Corbyn – what was he good for?
He lost, but did Jeremy Corbyn succeed in moving Britain Leftwards?
The Book of Isaiah foretold that the Messiah would be despised and rejected among men. The JC of our own times must know the feeling. But Jeremy Corbyn’s faith has not been shaken by the cuts and blows of recent months. There are few outward signs that he is a broken man as he awakes to these final hours as the leader of a Labour party that he has led into the wilderness. On Saturday, his successor will commence upon a new path, with – as far as he feels able – a new team.
Corbyn is indefatigable. Already he feels vindicated, believing that the coronavirus crisis has secured the higher spending and support for state intervention that he always said was necessary, but which the electorate rejected as recently as last December. “I didn’t think it would take only three months,” he told the BBC’s Political Editor, Laura Kuenssberg last Friday, “for me to be proved absolutely right.”
Is Corbyn the politician who lost the war, but won the plague? During December’s general election campaign, a sizeable minority of the population felt there was at least some truth in Corbyn’s claim that the Conservatives were planning to sell-off the NHS to the Americans. Yet, here we are, five months later, with “protect the NHS” central to the three-part catchphrase of every Conservative minister.
Perceptions may change as the medical situation worsens, but if tackling coronavirus is making the case for a better-resourced and active state, the British public overwhelmingly appear to be relieved that the Tories have been entrusted with the task. According to YouGov’s polling, published on 2 April, only 17 percent think Corbyn would be doing a better job than Boris Johnson in handling the crisis. Time will tell whether covid-19 proves to be socialism’s entry point into the body politic. But so far it appears to be taking the sting out of decades of Labour propaganda about how the Tories wanted to smash the NHS. An attitudinal shift may indeed be taking place that is not necessarily to Labour’s advantage.
Whatever proves to be the long-term consequences for post-coronavirus politics, the resulting consensus – if there is one – may pull in philosophically incoherent directions. But on current polling, Corbyn’s belief that events are proving him right seems only one more example of his unshakeable self-certainty.
On 2 April, YouGov asked its representative sample of 3,857 adults if they felt Corbyn “had changed his party for the better.” Only 12 percent of respondents felt that he had. Among working class voters, the proportion is 13 percent – a slap in the face to a man whose entire life has been shaped by the class struggle. Even his appeal to youth now appears to be last year’s fashion. Not quite a quarter of 18 to 24 year olds think the Labour Party is better because of him. Only 27 percent of Labour voters think so. This is a chillingly vicious eulogy.
What, then, can we say to be charitable to a man who has devoted himself, singularly, to the Labour party, the party he has led these last four-and-a-half years?
The last hours of that leadership present the logical moment to assess his contribution, but hardly the most favourable moment for such an audit to take place. The dismissive response evident in the current polling is influenced by an inescapable reality – that a man who leads his party to a defeat so crushing that it is left with its fewest number of MPs since 1935 can hardly be said to have taken Labour in the right direction. Some of those who hold him directly responsible for that defeat may nevertheless have sympathy with parts of his agenda, or more broadly the outlook that informed it.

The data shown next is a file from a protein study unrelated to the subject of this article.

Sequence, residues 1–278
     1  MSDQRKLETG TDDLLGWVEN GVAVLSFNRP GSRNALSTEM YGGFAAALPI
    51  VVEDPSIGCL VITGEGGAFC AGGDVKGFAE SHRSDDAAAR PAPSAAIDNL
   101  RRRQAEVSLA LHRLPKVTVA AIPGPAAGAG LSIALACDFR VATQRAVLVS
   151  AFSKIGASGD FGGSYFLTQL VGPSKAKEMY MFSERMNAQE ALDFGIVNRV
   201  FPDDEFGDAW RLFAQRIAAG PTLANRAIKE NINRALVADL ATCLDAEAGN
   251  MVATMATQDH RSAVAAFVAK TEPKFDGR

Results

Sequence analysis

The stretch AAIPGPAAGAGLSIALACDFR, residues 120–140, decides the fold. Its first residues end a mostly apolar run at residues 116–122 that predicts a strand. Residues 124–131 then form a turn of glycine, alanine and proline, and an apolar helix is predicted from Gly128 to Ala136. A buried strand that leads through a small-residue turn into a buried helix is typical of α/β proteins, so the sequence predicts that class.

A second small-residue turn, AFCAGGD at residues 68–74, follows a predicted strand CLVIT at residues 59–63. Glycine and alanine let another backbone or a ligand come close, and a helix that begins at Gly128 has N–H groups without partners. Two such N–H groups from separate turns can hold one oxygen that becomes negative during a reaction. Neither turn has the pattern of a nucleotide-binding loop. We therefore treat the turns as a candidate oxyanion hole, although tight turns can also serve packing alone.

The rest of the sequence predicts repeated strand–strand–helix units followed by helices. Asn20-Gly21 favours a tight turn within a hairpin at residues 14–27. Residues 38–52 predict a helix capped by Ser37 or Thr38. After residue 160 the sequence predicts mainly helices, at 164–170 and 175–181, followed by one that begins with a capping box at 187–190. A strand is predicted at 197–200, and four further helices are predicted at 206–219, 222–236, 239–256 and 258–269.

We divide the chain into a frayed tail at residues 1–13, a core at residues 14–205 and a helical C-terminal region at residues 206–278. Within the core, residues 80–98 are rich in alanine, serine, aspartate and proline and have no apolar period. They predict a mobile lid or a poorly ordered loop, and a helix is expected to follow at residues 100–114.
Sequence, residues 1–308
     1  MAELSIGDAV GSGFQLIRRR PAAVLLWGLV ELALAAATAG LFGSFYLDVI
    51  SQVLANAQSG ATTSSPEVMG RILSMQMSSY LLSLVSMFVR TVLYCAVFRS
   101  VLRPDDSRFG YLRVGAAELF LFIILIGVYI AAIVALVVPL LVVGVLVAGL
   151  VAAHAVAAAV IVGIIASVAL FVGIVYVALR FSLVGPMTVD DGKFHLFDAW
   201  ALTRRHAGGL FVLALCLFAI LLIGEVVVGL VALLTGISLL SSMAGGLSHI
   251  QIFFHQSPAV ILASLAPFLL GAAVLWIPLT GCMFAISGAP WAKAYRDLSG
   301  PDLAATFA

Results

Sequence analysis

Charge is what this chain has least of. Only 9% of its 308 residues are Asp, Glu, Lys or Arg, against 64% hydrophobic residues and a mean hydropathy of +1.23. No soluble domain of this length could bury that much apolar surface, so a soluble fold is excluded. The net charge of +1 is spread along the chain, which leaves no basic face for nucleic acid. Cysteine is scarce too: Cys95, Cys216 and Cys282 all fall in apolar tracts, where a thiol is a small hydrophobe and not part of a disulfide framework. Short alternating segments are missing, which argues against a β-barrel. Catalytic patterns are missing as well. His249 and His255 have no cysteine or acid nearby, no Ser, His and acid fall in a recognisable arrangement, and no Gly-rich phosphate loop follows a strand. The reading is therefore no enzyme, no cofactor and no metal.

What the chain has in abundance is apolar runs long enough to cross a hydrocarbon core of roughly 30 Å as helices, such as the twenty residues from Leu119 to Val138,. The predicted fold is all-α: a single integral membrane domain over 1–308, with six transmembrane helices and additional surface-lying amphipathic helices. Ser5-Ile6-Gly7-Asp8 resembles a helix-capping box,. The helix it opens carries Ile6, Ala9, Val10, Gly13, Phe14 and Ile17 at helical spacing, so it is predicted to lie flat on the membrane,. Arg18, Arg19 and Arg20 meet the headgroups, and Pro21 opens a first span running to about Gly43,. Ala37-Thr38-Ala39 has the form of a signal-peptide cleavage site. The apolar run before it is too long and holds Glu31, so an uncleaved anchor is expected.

Corbynistas have the comfort of being able to claim that the disaster in December was not a rejection of Jeremy’s policies but was a consequence of the Tories’ getting away with framing the terms of reference to “Get Brexit Done.” Corbyn never wanted this to be the central issue and if Labour policy had been left to him it would not have been. After all, sometimes overtly, sometimes sheepishly, Corbyn had wanted Brexit done all his political life. He was never more effectual in British politics than when he chose to do as little as possible to put Labour’s weight behind the Remain cause during the 2016 referendum campaign, an absence that may have determined the result. His contempt for the Remain cause was such that he turned down appearing at one of the key rallies in order to attend the British Kebab Awards that evening.
Outmanoeuvring Corbyn’s objections, Labour fell into the Tory trap in 2019, demanding a second referendum that implied both a prolonging of the will-we-won’t-we Brexit agony and giving the impression that the party did not accept the popular verdict at the first time of asking. And who designed this catastrophic strategy? Take a bow, Sir Keir.
The irony that this cluster-misjudgment was orchestrated by the man now poised to profit most from it is not lost on Momentum. How Keir Starmer side-lines and neuters this party-within-a-party will ultimately determine Corbyn’s legacy to the Labour movement.
Corbyn bequeaths a party with half a million members. That is an extraordinary achievement, given that in the decade before he became leader membership numbers hovered around 175,000. Labour is by far the largest mass membership political party in the UK, and faith in Corbyn alongside the hope that he would deliver socialism in their lifetime drove that membership surge.
Corbyn bequeaths a party with half a million members.
That the membership is poised to crown Starmer should not be taken as a sign that they have had second thoughts about what inspired them to join in the first place. Sir Keir has run an adroit leadership campaign. By positioning himself as being left wing, just not quite as left wing, he has protected his flank and denied Rebecca Long Bailey opportunities to denounce him as the next David Owen. The members perceive Starmer as the most prime ministerial of the options presented to them and therefore the man who is clearly best equipped to get the party out of the hole. But his tenure will inevitably depend on showing signs of being able to deliver that lift, otherwise he can watch his back.